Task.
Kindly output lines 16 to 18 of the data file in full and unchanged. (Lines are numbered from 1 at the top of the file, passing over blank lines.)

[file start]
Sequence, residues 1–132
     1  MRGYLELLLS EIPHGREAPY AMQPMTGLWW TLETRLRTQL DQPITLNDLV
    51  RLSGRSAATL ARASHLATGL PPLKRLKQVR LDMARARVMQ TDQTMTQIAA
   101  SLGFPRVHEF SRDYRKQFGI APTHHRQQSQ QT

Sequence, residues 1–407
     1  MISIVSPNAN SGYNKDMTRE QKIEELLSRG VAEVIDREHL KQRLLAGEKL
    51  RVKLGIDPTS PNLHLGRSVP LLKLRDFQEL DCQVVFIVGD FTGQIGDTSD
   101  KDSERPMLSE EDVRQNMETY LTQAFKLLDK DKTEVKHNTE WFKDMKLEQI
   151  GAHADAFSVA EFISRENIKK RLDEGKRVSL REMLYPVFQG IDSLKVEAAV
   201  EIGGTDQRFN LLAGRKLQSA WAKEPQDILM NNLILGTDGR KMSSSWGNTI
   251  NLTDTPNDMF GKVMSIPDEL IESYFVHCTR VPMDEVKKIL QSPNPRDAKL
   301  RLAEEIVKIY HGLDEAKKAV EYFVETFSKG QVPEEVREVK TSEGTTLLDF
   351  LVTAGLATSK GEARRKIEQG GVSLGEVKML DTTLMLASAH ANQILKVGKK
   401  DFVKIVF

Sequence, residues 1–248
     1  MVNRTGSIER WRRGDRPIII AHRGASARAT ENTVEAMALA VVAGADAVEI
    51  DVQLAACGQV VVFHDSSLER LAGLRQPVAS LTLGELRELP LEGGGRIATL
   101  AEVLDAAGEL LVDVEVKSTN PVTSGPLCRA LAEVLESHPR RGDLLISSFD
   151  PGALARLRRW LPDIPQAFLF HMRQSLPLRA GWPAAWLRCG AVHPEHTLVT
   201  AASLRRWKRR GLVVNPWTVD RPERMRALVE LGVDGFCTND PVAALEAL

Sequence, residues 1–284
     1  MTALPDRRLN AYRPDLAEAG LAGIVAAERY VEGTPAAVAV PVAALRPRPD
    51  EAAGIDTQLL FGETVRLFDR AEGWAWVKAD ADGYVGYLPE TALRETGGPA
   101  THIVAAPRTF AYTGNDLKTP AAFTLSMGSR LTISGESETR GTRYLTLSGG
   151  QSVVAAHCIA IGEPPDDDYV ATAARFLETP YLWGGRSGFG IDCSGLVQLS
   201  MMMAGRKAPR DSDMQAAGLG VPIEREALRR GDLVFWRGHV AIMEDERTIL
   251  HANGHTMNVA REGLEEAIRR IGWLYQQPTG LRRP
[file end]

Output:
     1  MVNRTGSIER WRRGDRPIII AHRGASARAT ENTVEAMALA VVAGADAVEI
    51  DVQLAACGQV VVFHDSSLER LAGLRQPVAS LTLGELRELP LEGGGRIATL
   101  AEVLDAAGEL LVDVEVKSTN PVTSGPLCRA LAEVLESHPR RGDLLISSFD